Shaken, Not Stirred

Bond franchise has run its course


Shaken and Stirred Out

It’s time the Broccolis and MGM let James Bond fade into history.

By Sean Willey

It’s one of the most popular phrases in Hollywood history, “Bond, James Bond.” However, after 22 films and six portrayals, the franchise’s originality may be hurting. From Sean Connery to Daniel Craig, they all left us with enough martinis, gadgets and womanizing actions to last a lifetime, but, while Casino Royale was a necessary story to tell, as it told us Bond’s origins, the reboot of the series caused Bond to lose his individuality. The Bond franchise became an imitation of the Bourne franchise. It’s time to realize Bond’s story has come full circle. It’s a good time to let the franchise die.

When Metro-Goldwyn-Mayer Incorporated invested in James Bond in 1962, it had no idea it would last for over 45 years, become a cultural phenomenon and earn over $5 billion worldwide, according to the International Movie Database. Bond became one of the most pursued roles in Hollywood. According to BBC News, over 200 actors were considered for the role of Bond in Casino Royale.

Casino Royale came out in 2008, and was a reboot, showing Bond when he first became 007. All the movies before were basically movies about missions.

Not too long ago, MGM almost went bankrupt. Had this happened, the James Bond franchise would have stopped too. Spyglass Entertainment purchased the company though. Months of speculation allowed contemplations as to whether the series should end.   

The Broccolis completely shied away in Casino Royale from what made Bond a household name: the gadgets and the playboy attitude.What, a Bond without fancy watches, dart pens or one-liners? The only thing Bond’s car could do in Casino Royale was go 100 miles an hour, and show its flipping capabilities. The Bond movies were not true to their beginnings, and therefore the franchise lost its edge.

For example, the Batman franchise failed in 1997 because it became to over-the-top and comical. It wasn’t anywhere near the dark themes of Tim Burton’s Batman and Batman Returns.

The rebooting of the Bond series was terrible from the standpoint that everything that made Bond unique in the past was gone. Casino Royale doescomplete Bond’s story though.

Since the first film, Dr. No in 1963, six different actors portrayed Bond. Sean Connery, George Lazenby, Roger Moore, Timothy Dalton, Pierce Brosnan and Daniel Craig each gave unique insights into Bond’s personality. Six different styles are plenty to judge.

Everyone remembers their first. Who doesn’t remember their first girl/boyfriend and their first kiss? The majority remember Connery as the best Bond because he was the first. He had the ruggedness, sex appeal (they all did) and athleticism. Watch the underwater harpoon fight in Thunderball, and you’ll see rugged athleticism.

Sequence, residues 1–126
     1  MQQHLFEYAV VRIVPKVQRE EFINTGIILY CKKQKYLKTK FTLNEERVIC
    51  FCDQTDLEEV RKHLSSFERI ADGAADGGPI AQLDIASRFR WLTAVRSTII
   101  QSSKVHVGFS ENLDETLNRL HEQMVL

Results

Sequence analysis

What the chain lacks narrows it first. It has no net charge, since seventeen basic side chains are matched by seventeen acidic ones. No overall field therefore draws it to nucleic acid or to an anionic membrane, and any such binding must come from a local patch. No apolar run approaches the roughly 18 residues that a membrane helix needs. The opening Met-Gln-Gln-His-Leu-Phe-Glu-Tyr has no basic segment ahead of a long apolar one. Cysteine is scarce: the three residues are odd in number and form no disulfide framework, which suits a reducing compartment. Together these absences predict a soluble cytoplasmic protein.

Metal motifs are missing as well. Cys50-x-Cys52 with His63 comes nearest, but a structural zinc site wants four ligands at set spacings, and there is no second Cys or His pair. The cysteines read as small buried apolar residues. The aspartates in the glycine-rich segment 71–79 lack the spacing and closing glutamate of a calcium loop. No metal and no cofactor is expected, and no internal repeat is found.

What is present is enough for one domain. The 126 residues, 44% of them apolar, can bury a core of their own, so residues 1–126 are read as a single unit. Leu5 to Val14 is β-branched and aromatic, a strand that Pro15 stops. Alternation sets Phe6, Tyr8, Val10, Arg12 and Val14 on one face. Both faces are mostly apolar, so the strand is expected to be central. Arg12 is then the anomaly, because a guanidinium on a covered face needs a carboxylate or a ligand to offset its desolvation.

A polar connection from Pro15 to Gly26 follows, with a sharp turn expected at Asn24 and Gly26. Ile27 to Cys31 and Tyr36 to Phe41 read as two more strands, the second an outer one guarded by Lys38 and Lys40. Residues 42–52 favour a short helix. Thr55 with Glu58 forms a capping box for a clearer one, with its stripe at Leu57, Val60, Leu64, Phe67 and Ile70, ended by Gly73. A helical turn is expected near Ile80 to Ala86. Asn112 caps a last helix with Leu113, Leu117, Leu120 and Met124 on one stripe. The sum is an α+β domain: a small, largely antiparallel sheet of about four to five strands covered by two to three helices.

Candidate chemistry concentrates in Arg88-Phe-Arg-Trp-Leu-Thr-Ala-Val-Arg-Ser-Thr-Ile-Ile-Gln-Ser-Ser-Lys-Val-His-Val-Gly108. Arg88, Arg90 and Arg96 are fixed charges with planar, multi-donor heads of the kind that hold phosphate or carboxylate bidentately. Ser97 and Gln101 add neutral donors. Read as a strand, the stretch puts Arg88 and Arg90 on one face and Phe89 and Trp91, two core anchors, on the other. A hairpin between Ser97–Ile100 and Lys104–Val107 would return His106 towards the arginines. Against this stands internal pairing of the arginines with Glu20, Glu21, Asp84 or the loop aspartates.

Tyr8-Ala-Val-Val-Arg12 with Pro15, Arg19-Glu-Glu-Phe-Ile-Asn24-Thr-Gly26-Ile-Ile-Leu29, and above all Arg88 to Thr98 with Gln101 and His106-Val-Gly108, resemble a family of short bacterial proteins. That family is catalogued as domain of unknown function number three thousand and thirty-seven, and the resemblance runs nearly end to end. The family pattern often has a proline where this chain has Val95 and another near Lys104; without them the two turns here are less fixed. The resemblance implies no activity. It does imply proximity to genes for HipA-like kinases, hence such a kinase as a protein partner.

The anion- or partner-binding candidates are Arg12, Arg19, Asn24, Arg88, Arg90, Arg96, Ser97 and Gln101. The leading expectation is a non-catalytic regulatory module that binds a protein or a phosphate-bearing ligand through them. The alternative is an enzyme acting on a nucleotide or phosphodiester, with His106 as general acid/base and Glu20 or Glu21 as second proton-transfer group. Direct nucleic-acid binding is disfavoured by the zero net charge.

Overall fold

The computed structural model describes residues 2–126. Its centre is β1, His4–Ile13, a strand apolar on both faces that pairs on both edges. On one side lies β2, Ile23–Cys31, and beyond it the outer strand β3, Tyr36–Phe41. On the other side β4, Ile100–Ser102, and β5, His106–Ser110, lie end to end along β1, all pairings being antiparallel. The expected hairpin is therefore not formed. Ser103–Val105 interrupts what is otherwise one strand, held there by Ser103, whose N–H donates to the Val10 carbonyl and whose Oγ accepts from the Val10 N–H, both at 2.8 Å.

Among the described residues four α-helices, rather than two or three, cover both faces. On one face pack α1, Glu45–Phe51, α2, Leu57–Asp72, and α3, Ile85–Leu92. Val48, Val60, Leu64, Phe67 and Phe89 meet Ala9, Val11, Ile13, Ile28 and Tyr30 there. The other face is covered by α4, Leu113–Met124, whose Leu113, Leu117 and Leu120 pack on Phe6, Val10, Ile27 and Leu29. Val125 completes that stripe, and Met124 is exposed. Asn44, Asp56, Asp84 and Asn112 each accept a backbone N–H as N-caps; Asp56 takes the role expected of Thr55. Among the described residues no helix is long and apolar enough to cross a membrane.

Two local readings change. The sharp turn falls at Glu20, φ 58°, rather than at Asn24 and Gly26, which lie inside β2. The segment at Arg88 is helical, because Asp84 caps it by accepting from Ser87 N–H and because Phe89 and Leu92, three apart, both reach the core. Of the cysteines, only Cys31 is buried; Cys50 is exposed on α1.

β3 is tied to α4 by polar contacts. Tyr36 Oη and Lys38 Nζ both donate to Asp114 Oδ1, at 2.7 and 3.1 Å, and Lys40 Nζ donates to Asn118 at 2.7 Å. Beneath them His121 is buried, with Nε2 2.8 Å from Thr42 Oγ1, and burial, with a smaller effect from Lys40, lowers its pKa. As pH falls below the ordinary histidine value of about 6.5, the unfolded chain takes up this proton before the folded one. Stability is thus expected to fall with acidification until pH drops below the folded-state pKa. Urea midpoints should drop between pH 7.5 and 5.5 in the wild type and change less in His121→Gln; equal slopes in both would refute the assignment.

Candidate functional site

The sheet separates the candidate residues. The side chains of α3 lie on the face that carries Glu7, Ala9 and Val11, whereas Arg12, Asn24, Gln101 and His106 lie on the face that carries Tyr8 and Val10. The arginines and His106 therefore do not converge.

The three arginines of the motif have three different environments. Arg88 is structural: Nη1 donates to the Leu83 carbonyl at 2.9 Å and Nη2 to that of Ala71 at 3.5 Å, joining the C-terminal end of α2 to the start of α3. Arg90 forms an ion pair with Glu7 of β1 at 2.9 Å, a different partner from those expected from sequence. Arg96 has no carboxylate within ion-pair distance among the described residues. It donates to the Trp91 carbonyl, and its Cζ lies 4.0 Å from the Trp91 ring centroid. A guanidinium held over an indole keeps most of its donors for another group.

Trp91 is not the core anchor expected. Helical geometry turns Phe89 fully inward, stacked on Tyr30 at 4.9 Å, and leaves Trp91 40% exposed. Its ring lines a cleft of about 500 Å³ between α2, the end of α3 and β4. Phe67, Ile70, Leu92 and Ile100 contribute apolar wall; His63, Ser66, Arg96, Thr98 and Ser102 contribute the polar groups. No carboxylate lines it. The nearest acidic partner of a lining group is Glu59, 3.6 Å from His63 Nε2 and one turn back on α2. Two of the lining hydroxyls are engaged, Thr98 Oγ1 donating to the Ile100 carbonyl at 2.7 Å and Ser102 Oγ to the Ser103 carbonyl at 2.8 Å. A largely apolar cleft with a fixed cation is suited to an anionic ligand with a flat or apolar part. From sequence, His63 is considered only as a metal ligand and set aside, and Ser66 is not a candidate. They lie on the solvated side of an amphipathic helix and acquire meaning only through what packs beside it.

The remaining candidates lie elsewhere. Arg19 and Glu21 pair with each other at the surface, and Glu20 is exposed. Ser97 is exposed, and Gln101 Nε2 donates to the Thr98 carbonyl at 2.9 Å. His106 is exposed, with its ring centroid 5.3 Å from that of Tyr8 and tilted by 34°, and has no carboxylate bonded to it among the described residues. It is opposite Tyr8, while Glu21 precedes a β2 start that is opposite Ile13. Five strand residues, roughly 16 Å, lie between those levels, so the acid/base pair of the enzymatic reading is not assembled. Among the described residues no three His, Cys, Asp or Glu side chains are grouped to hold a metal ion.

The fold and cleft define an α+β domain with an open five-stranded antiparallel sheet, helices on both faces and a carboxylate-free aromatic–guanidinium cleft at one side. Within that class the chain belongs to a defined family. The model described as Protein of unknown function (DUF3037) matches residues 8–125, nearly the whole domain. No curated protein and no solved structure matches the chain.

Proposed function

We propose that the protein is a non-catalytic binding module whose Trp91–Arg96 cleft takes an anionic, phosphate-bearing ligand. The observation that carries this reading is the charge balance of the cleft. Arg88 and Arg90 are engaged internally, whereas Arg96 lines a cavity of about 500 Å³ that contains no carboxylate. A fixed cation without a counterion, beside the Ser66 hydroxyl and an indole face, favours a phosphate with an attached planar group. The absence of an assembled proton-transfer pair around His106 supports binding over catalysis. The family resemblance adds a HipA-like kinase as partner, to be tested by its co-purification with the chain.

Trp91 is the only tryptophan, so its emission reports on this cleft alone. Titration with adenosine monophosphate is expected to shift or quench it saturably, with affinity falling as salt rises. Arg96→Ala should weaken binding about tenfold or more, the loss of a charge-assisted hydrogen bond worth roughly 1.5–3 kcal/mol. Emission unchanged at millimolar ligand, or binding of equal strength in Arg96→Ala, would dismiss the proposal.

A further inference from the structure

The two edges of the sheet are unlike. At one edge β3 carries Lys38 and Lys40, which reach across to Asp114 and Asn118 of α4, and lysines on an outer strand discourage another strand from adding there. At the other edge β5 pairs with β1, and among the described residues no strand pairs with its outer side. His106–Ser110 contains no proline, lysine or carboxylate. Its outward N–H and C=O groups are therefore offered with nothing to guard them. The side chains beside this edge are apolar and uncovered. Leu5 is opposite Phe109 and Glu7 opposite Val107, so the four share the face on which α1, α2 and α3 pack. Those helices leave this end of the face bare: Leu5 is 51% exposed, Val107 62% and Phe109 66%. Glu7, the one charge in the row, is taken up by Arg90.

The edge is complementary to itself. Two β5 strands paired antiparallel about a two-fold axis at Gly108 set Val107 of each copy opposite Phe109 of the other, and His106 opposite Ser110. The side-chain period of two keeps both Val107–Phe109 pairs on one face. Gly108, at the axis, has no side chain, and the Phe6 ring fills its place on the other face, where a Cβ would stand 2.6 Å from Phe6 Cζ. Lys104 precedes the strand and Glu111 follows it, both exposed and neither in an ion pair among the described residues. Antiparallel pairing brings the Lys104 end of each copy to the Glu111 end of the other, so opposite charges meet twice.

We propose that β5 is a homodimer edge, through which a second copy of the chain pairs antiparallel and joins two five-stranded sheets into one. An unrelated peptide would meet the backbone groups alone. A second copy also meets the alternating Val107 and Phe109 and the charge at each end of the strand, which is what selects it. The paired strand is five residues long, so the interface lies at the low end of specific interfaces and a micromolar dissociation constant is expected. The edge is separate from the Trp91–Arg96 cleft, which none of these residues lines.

I don’t consider Lazenby a portrayer of Bond. I don’t think many do. A model turned actor, Lazenby’s performance in On Her Majesty’s Secret Service caused such uproar that Connery returned for two more films.

Moore gave Bond a sense of humor. I laugh every time he slides down the stairwell shooting bad guys in Octopussy.

Dalton was the start of Bond’s cynicism. If anything, he was inspiration for Craig.

Brosnan, my favorite, was charismatic. Anyone remember in Die Another Day when he and Jinx (Halle Berry) first met on the beach? If only I had the courage to talk like that.

Craig was the merciless Bond. Casino Royale is loaded with scenes of Craig strangling people, jumping at them through buildings or blowing them up.

The producers, the Broccoli family, covered a wide range of character types: rough, agile, clever, suspicious, charming and hardhearted. These traits span 22 movies and over 2000 minutes. That is plenty of entertainment to let the franchise die with.

Returning to Bond’s early days in Casino Royale was necessary. Just like Darth Vader in Star Wars, we all wanted to know Bond’s beginning. However, it’s controversial because it’s not original.

Brosnan’s last film, Die Another Day, in 2002, was the same year Jason Bourne became a dominant force of merciless killing in American cinema. Many saw this obvious switch.

“When you strip the 007 films down for action and ‘realism,’ you lose the soul of those beloved old Bond movies – they might as well be Jason Bourne movies,” wrote Rob Gonsalves of

I’m not writing this because Craig isn’t my favorite. I thought he played Bond with a convincing grittiness. I’m writing because Bond’s stories are not true to their beginnings anymore.

I know what you’re thinking. “Sean, there was another movie after Casino Royale.” You’re right, but Quantum of Solace was a ratings bomb- surprising considering the amount of hype surrounding the franchise after the highest grossing film of its history.  

However, sometimes you just need to remember the good times. Spider-Man 3 didn’t live up to its hype following the mega-blockbuster Spider-Man 2, but many still love the Spiderman movies.

In defense of the franchise, one bad egg can’t ruin the entire batch. Casino Royale was a great ending. It was the beginning. The Broccolis should be proud to end with such a great flick. Die Another Day showed Bond at his most sophisticated. Casino Royale showed Bond at his most innocent, and with an “I know all” mentality. From Dr. No to Casino Royale, fans had a complete view of the evolution of Bond

It’s tough to deny the continuation of a franchise that has seen so much success, but while Connery, Lazenby, Moore, Dalton, Brosnan and Craig all gave us distinct tastes of what Bond should be the uniqueness of the series has disappeared. The story of James Bond must end with Quantum of Solace.

Do I want Bond to return? No, I expect him to die.


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